In 1857 Mr. and Mrs. Foster started on the return journey for Topeka, going by railway to St. Louis, and then taking a side-wheeler steamboat to Leavenworth. This stage of the journey was not without its thrills, for during it the old vessel became stuck on a sandbar and it remained there two days and two nights before it could be floated free. From Leavenworth the young couple traveled by stage coach to Topeka and the farm, and at once settled down to life in the little log cabin of one room, built in front of where their bouse now stands. The first winter was one of suffering, and it must have been particularly hard upon the young wife, who had been taken directly from a comfortable and refined home in the East to the wild and untamed surroundings of a pioneer country, and placed to live in a frontier cabin of the most primitive type. To make things doubly hard, the household furniture had become lost or stolen on the way, and during the first cold season Mr. and Mrs. Foster were compelled to sleep on straw, with but scanty bed clothing to cover them. Mrs. Foster, however, was made of courageous stuff, and she bravely and uncomplainingly took her place beside her husband and assisted him eventually to success.
Mr. Foster was bitterly opposed to slavery, and at the outbreak of the Civil war, as his sentiments were well known and as the country was in a decidedly unsettled condition, he returned to Pennsylvania with his wife, principally for her protection. While in that state he enlisted in Company B, One Hundred and Thirty-seventh Regiment, Pennsylvania Volunteer Infantry, as first sergeant, and with that organization took part in numerous engagements, including the battles of South Mountain, Antietam and Chancellorsville. He was honorably discharged in 1863, and shortly after Quantrell’s famous raid on Lawrence, Kansas, he and his wife, much against the will of their parents, returned to the Sunflower state. Mrs. Foster was left alone on the prairie farm, while Mr. Foster, with others, organized the Second Regiment, Kansas State Militia, of which he was elected sergeant-major. The most noted encounter of this regiment was the battle of the Big Blue, October 22, 1864, in which the Kansans defeated the enemy.
Mr. Foster was a man of ability and energy, honest and upright in all his dealings, and in his private undertakings showed the same spirit of courage and fldelity that characterized his military career. Through constant perseverance he won out against the odds of the early days, being always assisted by his faithful and devoted wife, who had the greatest confidence in him, and whose faith often helped him over the rough places. While his own interests kept him busily employed he was never too much occupied to answer the call of his community when it needed strong men to support movements for its welfare. He gave of his time and energies in scrving in various offices, being at times township trustee and director of the school board, and from 1874 to 1876 was a member of the Kansas House of Representatives, in which body he worked faithfully and with results in behalf of the interests of his constitnents. One of his bills was the Arbor Day bill. Fraternally, he was identified with Topeka Lodge No. 17, Ancient Free and Accepted Masons, as a charter member. Throughout his life Mr. Foster was a student, particularly of the Bible, and he died in the faith, September 4, 1897, when Topeka lost one of its best, most highly esteemed and most public-spirited citizens. Throughout his career he had been a supporter of the republican party.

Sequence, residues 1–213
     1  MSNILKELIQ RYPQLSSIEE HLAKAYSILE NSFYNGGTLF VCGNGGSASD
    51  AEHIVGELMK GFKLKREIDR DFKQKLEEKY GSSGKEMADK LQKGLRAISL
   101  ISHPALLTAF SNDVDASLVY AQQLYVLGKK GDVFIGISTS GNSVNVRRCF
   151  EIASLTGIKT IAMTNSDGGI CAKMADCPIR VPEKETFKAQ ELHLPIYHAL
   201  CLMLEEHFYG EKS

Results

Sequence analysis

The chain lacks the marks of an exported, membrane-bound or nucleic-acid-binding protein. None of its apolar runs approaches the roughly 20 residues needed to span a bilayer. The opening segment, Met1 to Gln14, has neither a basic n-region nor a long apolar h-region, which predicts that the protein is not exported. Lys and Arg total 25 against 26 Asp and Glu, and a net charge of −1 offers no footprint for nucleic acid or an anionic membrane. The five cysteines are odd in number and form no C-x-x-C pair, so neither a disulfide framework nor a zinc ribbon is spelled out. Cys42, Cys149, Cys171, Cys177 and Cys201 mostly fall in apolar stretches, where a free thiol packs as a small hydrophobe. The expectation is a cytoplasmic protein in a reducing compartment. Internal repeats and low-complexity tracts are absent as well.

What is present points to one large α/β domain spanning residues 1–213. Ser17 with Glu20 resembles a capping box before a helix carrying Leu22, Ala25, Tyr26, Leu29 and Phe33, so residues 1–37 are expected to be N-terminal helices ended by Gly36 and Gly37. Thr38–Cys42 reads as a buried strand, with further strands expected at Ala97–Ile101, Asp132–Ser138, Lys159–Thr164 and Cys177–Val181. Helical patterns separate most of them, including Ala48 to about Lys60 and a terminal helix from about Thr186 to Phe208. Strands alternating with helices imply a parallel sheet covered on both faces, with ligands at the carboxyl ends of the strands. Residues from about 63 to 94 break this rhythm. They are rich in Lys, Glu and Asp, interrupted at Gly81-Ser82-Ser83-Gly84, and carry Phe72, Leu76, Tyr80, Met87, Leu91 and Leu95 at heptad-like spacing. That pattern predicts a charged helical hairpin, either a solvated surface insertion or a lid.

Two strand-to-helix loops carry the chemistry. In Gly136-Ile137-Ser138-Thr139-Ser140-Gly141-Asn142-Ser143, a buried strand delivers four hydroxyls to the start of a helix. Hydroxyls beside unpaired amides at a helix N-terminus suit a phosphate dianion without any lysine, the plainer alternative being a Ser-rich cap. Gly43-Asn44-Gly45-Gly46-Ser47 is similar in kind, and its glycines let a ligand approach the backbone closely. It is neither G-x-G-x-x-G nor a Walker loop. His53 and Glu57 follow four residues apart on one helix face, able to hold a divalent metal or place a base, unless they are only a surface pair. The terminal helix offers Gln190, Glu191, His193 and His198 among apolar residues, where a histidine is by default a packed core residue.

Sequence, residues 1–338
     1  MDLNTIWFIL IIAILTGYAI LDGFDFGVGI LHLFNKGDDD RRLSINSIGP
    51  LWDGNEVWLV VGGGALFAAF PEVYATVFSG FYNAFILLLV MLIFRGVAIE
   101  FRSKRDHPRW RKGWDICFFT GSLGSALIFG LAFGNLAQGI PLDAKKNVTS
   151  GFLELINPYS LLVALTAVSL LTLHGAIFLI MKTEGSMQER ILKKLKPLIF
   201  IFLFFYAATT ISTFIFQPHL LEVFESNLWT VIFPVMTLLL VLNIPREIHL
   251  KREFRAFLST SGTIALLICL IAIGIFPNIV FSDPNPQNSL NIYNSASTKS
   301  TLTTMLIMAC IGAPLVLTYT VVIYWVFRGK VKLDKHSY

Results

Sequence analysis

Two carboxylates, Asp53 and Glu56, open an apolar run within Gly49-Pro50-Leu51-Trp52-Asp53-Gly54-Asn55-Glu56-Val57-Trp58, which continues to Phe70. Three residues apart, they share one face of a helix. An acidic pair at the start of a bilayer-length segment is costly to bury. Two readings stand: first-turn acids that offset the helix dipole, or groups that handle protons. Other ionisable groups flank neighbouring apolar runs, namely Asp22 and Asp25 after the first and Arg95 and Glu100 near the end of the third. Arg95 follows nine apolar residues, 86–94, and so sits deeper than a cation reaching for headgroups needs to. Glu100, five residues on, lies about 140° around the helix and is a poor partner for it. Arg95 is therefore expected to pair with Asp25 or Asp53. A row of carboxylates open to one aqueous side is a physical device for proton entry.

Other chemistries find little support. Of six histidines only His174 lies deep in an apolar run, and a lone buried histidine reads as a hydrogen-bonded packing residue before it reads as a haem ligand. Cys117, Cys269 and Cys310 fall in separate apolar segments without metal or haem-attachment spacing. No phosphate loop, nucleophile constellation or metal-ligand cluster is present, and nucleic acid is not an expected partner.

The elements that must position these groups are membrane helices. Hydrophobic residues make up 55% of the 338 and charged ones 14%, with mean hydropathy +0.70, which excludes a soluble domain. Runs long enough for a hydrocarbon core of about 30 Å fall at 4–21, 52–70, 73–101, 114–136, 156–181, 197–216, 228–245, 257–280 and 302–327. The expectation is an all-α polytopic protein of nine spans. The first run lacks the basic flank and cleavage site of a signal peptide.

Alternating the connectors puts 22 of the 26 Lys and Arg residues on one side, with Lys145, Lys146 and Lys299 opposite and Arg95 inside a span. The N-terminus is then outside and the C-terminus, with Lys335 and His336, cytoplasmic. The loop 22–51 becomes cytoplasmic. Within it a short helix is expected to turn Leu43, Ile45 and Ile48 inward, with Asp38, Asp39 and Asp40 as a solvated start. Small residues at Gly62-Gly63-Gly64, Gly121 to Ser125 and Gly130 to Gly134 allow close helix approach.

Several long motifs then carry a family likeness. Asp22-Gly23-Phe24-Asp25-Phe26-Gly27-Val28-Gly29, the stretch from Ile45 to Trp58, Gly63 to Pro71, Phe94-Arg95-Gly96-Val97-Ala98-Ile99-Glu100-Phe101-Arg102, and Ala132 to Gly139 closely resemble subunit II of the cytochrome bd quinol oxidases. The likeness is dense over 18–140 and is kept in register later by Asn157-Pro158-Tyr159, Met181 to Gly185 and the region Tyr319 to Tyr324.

Mr. and Mrs. Foster were the parents of five children, of whom two died in infancy, the others being: Charles Freeman, a young man of much promiee, who died at the age of twenty-two years; Joe Merriam, a resident of Pueblo, Colorado; and Anna, who is the wife of J. F. Doane, and resided with her aged mother on the Kansas homestead. Mrs. Foster, who is eighty-two years of age, is one of the best known ladies of her locality, is esteemed and held in affection by all who know her, and is a devout member of and worker in the First Congregational Church of Topeka, the first church in the city. J. F. Doane is a native of Kansas and a son of Abner and Sarah (Ward) Doane, his father having been the first man to operate a sawmill in Topeka. He was also one of the best roadmen in the state.